ABSTRACT Objectives The aim of the present study was to assess the skeletal stability after large mandibular advancement (> 10 mm) with bilateral sagittal split osteotomy and skeletal elastic intermaxillary fixation and to correlate the skeletal stability with the vertical facial type. Material and Methods A total of 33 consecutive patients underwent bimaxillary surgery to correct skeletal Class II malocclusion with a mandibular advancement (> 10 mm) measured at B-point and postoperative skeletal elastic intermaxillary fixation for 16 weeks. Skeletal stability was evaluated using lateral cephalometric radiographs obtained preoperative (T1), 8 weeks postoperatively (T2), and 18 month postoperatively (T3). B-point and pogonion (Pog) was used to measure the skeletal relapse and the mandibular plane angle (MP-angle) was used to determine the vertical facial type. Results The mean advancement from T1 to T2 were 11.6 mm and 13.5 mm at B-point and Pog, respectively. The mean skeletal relapse from T2 to T3 was -1.3 mm at B-point and -1.6 mm at Pog. The nineteen patients characterized as long facial types, showed the highest amount of skeletal relapse (-1.5 mm at B-point and -1.9 mm at Pog). Conclusions The present study showed a limited amount of skeletal relapse in large mandibular advancement (> 10 mm) with bilateral sagittal split osteotomy and skeletal elastic intermaxillary fixation. Bilateral sagittal split osteotomy in combination with skeletal intermaxillary fixation can therefore be an alternative to distraction osteogenesis in large mandibular advancements. PMID:27489609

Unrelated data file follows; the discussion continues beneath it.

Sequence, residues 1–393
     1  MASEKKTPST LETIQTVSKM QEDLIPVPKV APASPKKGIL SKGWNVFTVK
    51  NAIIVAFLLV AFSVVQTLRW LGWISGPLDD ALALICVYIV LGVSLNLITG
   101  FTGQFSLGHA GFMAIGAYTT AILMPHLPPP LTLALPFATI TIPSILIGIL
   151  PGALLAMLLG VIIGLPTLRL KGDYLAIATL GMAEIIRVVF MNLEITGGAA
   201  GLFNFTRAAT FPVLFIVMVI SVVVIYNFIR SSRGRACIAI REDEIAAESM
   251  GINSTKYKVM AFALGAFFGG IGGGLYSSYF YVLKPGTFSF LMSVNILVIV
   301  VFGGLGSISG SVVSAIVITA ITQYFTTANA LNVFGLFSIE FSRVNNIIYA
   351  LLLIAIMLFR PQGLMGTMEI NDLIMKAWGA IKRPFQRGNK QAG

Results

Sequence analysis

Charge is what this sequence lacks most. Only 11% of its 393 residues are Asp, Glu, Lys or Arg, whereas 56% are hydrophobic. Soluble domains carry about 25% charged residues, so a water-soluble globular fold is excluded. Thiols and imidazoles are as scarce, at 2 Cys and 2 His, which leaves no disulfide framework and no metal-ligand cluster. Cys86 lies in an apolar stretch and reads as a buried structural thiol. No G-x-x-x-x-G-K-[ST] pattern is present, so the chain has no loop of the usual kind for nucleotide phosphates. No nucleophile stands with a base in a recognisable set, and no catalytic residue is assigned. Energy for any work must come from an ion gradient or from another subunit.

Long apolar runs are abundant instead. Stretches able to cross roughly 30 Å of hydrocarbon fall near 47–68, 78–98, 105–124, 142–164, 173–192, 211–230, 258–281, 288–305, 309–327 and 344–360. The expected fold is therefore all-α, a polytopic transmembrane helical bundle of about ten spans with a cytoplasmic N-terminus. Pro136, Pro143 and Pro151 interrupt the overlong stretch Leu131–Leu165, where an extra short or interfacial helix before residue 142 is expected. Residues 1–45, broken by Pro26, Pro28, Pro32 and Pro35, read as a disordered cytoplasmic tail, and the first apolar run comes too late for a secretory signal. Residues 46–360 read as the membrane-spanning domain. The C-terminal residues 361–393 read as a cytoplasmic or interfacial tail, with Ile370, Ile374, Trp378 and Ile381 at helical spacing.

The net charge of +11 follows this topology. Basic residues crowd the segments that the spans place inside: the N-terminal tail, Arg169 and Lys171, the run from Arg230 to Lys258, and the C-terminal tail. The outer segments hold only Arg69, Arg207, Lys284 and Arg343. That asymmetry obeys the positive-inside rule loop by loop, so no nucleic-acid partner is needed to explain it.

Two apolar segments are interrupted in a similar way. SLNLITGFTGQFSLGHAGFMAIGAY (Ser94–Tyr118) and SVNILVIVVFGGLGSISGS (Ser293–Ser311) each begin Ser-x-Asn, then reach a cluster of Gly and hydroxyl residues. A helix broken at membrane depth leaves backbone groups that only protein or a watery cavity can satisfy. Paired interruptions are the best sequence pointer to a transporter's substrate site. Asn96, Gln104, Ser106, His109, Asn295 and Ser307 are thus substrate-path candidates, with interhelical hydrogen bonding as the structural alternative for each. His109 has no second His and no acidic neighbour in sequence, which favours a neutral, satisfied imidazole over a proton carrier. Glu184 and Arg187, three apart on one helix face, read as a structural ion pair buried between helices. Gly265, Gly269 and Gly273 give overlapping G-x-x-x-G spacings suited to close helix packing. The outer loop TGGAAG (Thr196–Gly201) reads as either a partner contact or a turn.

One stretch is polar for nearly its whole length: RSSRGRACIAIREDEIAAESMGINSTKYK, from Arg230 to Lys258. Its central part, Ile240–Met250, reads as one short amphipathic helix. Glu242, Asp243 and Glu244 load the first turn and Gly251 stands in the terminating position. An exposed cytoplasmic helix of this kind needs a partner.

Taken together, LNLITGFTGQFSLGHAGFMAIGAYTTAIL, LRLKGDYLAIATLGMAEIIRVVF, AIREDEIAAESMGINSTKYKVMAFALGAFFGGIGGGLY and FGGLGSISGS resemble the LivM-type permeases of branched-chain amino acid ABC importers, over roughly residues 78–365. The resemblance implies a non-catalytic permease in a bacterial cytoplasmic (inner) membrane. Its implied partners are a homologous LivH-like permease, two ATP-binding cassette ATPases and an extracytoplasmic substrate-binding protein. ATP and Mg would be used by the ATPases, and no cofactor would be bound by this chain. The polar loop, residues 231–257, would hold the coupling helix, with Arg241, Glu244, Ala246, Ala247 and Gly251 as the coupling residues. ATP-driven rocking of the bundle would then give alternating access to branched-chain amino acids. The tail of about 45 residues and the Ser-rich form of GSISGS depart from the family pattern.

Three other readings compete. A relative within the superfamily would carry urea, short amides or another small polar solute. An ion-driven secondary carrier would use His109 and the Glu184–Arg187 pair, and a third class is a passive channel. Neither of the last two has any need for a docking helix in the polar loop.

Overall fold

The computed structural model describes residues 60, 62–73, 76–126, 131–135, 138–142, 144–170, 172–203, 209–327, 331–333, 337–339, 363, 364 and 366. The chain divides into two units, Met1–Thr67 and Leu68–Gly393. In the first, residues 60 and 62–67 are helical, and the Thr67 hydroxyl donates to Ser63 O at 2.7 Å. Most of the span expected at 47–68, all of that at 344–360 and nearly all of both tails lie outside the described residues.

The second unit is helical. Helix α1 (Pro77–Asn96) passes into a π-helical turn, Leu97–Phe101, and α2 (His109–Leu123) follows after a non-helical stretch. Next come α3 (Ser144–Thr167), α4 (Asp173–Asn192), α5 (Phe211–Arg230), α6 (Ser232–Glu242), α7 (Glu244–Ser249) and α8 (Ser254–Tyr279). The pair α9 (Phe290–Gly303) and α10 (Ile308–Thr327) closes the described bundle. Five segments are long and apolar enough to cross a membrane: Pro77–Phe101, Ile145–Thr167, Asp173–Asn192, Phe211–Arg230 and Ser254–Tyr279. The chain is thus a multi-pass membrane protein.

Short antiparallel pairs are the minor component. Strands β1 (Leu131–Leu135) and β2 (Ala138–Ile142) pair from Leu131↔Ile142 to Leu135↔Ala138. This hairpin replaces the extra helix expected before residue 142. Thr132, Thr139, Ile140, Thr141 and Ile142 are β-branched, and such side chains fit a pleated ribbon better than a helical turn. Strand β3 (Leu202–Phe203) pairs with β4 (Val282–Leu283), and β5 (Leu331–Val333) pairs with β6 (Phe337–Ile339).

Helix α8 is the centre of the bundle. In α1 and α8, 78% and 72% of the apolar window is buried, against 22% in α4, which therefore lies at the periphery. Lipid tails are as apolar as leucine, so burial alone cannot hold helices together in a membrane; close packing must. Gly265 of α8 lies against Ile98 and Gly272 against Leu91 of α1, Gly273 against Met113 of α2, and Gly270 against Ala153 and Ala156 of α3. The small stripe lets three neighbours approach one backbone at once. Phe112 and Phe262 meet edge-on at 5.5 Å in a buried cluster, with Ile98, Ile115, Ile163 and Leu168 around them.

2. Thermal Decomposition of Gaseous Ammonium Nitrate at Low Pressure: Kinetic Modeling of Product Formation and Heterogeneous Decomposition of Nitric Acid

    NASA Astrophysics Data System (ADS)

    Park, J.; Lin, M. C.

    2009-10-01